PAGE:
Actor Edward Herrmann's presence is a familiar one from his many roles in films, theater and on TV, as well as being one of the best audiobook readers in the business. His career spans more than thirty-five years and his list of credits is long. The “Voice of Dodge” for twelve years, he is well known on the Classic Car circuit and has restored several vintage autos, notably a 1932 Packard Light Eight 900 Coupe Roadster Convertible and a 1929 Auburn 8-90 Speedster.
Born in Washington D.C. on July 21, 1943, he grew up near Detroit, Michigan. He graduated from Bucknell University in 1965 and used a Fulbright scholarship to study drama at London's Academy of Music and Dramatic Art, 1968-69. After his British training he returned to Dallas, where, he recalls, "You are learning and falling on your face in an environment that doesn't crucify you or kill you the way it happens in New York". After several years with the Dallas Theater Center, he began appearing in films in the early 1970’s. In 1976 he won a Tony award for his performance in “Mrs. Warren’s Profession” and in 1999, an Emmy for his guest appearance on “The Practice”. He was the director for Bucknell’s Association for the Arts in 1989–90 and commencement speaker in 1989, awarded the Bucknell Alumni Association Award for Outstanding Achievement in a Chosen Profession and received an honorary doctorate.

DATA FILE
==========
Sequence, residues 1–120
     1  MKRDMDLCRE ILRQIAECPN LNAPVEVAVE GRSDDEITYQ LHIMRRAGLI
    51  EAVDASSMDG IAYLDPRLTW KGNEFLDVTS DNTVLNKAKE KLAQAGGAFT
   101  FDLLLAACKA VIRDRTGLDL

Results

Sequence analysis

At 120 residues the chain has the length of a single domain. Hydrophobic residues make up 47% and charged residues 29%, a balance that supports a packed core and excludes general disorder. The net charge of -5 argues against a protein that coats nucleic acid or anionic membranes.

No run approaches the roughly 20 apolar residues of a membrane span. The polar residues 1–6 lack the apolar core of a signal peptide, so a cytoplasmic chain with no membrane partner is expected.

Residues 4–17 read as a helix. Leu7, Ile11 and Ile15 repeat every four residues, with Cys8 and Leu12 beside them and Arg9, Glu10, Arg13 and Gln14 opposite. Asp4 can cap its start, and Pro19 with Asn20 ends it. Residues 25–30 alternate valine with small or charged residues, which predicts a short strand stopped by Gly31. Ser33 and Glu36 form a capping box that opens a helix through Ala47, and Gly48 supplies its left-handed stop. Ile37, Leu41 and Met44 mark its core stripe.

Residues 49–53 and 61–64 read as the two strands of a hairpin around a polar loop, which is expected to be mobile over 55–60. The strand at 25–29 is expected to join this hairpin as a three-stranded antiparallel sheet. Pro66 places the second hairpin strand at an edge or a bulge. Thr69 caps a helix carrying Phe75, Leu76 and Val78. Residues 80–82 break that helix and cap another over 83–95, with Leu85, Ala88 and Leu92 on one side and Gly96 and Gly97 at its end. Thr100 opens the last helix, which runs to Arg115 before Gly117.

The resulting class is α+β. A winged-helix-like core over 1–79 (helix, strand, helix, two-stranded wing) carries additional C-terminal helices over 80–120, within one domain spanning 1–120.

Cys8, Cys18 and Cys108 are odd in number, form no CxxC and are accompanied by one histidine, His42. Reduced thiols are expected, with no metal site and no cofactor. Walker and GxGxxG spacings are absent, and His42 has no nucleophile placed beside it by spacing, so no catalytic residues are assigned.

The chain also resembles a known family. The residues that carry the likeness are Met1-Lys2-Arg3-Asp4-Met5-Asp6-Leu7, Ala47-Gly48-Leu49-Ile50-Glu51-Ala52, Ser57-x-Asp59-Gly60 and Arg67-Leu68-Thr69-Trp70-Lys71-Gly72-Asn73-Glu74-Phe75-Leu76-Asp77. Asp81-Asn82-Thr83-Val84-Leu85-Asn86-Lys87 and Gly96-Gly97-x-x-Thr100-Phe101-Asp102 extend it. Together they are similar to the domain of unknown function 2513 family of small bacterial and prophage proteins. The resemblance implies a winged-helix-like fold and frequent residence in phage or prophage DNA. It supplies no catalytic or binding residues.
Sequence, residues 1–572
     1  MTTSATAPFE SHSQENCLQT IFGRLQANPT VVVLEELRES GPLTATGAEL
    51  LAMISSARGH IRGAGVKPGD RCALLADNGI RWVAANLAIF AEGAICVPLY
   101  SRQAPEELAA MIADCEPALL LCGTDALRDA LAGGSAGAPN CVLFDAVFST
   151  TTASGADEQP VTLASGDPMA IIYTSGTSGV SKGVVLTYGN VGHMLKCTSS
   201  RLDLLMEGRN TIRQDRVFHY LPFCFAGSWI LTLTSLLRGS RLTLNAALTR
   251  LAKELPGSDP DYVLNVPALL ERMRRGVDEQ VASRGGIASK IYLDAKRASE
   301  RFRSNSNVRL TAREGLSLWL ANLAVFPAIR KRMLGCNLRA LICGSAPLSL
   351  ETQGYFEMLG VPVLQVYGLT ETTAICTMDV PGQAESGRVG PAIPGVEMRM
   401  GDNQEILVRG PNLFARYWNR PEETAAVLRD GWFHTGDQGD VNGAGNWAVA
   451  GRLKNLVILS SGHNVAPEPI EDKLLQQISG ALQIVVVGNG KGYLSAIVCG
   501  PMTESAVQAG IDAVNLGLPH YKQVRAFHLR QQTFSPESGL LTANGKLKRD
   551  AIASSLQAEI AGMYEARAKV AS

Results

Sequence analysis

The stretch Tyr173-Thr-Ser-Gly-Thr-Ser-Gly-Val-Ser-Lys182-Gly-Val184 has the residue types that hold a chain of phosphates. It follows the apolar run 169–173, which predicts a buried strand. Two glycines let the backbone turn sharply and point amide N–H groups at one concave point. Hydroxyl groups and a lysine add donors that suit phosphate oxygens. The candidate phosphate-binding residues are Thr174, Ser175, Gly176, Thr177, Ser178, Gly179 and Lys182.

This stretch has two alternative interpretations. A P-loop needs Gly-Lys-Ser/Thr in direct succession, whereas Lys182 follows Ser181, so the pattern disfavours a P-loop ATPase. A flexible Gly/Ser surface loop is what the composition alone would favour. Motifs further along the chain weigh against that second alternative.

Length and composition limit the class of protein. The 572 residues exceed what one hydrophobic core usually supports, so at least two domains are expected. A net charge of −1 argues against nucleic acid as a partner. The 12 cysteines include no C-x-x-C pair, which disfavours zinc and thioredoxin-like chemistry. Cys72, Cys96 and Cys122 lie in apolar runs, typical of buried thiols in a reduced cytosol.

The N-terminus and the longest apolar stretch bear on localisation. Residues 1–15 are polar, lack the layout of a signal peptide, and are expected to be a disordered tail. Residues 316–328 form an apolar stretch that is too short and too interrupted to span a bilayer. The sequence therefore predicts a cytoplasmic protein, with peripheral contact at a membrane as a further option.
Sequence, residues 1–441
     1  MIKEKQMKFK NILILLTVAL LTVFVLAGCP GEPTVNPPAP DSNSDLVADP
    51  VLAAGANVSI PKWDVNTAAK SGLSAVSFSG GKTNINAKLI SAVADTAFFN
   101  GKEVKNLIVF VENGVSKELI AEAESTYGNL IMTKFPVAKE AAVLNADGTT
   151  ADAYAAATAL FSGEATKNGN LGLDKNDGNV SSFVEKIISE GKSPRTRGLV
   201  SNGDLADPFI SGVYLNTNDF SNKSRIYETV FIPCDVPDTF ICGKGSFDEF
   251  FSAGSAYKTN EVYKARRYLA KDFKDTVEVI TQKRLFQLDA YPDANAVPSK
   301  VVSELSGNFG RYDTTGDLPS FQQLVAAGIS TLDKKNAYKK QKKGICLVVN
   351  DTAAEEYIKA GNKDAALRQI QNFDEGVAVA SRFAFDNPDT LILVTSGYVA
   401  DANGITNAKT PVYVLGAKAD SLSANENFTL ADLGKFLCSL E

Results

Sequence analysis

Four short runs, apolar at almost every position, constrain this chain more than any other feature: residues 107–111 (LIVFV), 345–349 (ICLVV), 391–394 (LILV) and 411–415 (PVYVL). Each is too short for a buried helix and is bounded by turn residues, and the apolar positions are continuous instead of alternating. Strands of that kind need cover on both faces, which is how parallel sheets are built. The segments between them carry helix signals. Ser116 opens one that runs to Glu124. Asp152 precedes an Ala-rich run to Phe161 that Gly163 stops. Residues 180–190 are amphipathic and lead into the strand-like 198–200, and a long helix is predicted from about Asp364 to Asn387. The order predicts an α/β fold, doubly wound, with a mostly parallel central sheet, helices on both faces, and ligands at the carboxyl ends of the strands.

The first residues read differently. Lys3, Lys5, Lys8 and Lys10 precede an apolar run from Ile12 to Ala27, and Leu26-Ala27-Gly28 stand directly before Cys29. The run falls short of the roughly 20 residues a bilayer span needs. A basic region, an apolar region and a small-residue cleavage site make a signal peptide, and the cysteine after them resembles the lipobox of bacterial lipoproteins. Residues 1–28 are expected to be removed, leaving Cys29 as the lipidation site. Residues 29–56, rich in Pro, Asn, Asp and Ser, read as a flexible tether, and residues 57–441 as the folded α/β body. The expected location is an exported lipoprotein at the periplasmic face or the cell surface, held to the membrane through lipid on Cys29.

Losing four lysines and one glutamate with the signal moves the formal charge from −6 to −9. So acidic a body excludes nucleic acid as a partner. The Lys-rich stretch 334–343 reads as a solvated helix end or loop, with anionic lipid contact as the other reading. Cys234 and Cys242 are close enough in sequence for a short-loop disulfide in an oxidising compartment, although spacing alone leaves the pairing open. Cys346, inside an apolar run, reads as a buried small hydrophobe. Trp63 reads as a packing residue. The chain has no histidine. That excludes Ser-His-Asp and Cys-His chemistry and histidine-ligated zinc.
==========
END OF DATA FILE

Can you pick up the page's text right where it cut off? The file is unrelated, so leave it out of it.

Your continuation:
Edward Herrmann can be seen on “The Gilmore Girls” as patriarch Richard Gilmore, and has done much work for the History Channel. Out of all of his numerous roles, he has said his favorites are "FDR" and the character “Stanhope” in "Journey's End", a play about the first World War.
"It was exciting at Convocation to learn that our most famous classmate received a well-deserved award. Edward Herrmann was honored with the Award for Outstanding Achievement in a Chosen Profession. We all have come to love him in the Dodge commercials, but a lot of us remember the fine performances he has given, especially when taking on the role of FDR. Ed also has served as director of the Bucknell Association for the Arts. When accepting his award, he eloquently stressed the importance of the arts in making well-rounded people."~ Linda Haigh Tozier
"The connection between art and experience and the expression of it is one of the most thrilling things you can become involved in," says Ed Herrmann. "What you do either touches someone and moves them, or it doesn't. Whether you're playing a right-wing racist or a left-wing thug doesn't matter as long as there's something human about the character you're portraying and the people believe it. If you can't get people to believe what you say, you're not going to be very useful."